|Appears in Collections:||Biological and Environmental Sciences Journal Articles|
|Title:||Current plant speciation research: unravelling the processes and mechanisms behind the evolution of reproductive isolation barriers (Meeting Report)|
Abbott, Richard J
|Keywords:||biological species concept|
genetic and molecular mechanisms
next generation sequencing advances
reproductive isolation barriers
|Citation:||Lafon-Placette C, Vallejo-Marín M, Parisod C, Abbott RJ & Köhler C (2016) Current plant speciation research: unravelling the processes and mechanisms behind the evolution of reproductive isolation barriers (Meeting Report). New Phytologist, 209 (1), pp. 29-33. https://doi.org/10.1111/nph.13756.|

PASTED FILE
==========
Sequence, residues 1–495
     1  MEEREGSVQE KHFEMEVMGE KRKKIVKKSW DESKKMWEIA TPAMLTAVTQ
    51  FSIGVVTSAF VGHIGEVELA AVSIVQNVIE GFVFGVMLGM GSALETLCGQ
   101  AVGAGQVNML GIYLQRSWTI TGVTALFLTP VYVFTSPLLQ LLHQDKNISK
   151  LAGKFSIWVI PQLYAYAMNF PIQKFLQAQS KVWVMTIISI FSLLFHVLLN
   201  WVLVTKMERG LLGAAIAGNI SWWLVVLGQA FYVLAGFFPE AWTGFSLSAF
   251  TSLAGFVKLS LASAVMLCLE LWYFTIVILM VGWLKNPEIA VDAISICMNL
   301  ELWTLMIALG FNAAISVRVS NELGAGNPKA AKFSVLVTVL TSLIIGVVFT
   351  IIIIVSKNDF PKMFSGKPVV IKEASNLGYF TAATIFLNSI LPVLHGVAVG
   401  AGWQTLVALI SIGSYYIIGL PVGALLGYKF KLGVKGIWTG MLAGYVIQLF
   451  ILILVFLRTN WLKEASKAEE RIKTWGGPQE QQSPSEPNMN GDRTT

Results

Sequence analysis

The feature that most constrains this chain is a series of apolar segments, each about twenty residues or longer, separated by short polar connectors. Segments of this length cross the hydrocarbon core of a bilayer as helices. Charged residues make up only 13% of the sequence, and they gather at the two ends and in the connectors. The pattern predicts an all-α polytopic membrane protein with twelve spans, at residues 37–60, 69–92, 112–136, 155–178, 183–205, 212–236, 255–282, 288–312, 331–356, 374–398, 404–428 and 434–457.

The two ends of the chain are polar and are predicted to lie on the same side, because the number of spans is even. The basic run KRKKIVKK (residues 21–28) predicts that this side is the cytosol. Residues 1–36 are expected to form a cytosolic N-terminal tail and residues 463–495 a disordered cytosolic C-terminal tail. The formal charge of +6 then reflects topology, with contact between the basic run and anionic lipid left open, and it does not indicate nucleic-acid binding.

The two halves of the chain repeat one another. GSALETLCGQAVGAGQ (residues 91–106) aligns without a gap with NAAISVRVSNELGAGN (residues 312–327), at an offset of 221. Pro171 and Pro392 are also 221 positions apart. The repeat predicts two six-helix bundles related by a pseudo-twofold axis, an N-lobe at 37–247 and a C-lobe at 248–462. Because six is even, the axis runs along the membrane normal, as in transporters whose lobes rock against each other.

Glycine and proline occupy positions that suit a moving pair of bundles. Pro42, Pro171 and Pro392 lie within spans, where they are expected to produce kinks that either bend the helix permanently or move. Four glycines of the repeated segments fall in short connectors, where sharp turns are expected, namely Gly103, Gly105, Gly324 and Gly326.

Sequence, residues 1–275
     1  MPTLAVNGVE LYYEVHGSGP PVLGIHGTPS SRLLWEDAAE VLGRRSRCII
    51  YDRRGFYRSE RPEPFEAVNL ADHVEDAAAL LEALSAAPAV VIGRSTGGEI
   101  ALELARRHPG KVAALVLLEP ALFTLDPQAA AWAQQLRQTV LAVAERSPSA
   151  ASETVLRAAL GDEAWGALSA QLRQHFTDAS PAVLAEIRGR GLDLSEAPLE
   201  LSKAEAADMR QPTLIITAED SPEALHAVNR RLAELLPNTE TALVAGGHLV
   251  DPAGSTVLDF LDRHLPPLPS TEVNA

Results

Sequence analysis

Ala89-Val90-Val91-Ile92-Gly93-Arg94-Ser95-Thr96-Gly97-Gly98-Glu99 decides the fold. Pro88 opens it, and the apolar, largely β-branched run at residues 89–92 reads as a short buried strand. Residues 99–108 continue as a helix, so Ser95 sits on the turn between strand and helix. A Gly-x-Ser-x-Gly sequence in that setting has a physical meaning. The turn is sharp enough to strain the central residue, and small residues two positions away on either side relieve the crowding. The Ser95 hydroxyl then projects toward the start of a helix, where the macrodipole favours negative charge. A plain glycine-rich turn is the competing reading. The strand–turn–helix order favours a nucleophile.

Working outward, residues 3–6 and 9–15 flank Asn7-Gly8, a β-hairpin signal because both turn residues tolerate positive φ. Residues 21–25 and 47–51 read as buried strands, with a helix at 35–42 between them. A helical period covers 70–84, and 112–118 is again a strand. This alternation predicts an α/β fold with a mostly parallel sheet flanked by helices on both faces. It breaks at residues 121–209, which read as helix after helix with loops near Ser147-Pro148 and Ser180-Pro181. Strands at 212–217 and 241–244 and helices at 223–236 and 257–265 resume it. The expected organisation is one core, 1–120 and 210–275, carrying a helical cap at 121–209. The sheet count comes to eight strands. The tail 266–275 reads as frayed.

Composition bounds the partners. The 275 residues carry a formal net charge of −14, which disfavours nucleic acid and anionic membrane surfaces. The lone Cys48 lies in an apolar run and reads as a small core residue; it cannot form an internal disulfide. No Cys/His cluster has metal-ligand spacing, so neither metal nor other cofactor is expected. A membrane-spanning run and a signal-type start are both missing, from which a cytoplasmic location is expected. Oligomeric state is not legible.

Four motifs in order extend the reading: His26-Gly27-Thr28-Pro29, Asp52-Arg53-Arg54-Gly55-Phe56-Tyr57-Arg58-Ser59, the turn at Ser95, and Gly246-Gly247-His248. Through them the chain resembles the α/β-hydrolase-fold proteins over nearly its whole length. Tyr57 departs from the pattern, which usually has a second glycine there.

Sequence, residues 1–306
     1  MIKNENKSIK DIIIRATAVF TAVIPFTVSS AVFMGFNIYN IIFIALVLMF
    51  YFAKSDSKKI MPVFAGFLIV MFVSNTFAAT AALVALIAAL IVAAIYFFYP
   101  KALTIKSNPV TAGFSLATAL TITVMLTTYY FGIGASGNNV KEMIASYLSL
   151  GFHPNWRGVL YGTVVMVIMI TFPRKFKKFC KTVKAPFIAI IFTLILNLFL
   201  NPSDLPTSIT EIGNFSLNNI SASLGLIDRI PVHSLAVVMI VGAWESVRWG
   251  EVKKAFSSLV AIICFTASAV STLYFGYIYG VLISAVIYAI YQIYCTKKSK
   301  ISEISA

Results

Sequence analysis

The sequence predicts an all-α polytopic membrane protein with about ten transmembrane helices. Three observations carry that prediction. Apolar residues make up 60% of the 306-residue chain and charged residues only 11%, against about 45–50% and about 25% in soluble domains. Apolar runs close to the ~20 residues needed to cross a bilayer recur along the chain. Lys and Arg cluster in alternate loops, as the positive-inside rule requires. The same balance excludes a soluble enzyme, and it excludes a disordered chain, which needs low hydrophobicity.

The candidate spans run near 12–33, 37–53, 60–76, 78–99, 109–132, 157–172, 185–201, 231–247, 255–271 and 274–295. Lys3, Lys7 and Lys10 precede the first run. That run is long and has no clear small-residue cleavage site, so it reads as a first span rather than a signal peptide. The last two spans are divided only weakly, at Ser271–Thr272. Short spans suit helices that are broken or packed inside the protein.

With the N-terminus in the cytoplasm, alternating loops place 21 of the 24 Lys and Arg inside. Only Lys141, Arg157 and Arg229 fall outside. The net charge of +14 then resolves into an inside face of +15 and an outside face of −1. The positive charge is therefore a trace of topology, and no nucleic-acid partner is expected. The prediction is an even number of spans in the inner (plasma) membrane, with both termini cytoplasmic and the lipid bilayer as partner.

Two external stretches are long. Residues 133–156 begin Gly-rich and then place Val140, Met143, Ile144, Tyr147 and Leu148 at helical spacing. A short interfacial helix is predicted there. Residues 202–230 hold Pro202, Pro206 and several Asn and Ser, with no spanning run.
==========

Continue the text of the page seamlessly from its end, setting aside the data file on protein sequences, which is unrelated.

|Abstract:||First paragraph: Explaining what species are and how they arise has been at the center of biological research since the first evolutionary concepts were developed by Buffon, Lamarck, and Darwin (Tirard,2010). With the widespread acceptance of the biological species concept, according to which ‘species are a group of interbreeding natural populations that are reproductively isolated from other such groups’ (Mayr,1996), much recent speciation research has focused on the processes and mechanisms involved in the evolution of reproductive isolation barriers (Coyne & Orr,2004). The molecular basis of these isolating barriers was known in only a few instances at the time of the Plant Speciation New Phytologist Symposium held in 2003 (Rieseberg & Wendel,2004). However, the last decade has witnessed major advances to current knowledge on this and other aspects of plant speciation research as was made clear at the recent European Molecular Biology Organization (EMBO) workshop ‘Mechanisms of plant speciation’ held in 2015 at Åkersberga, Sweden.|
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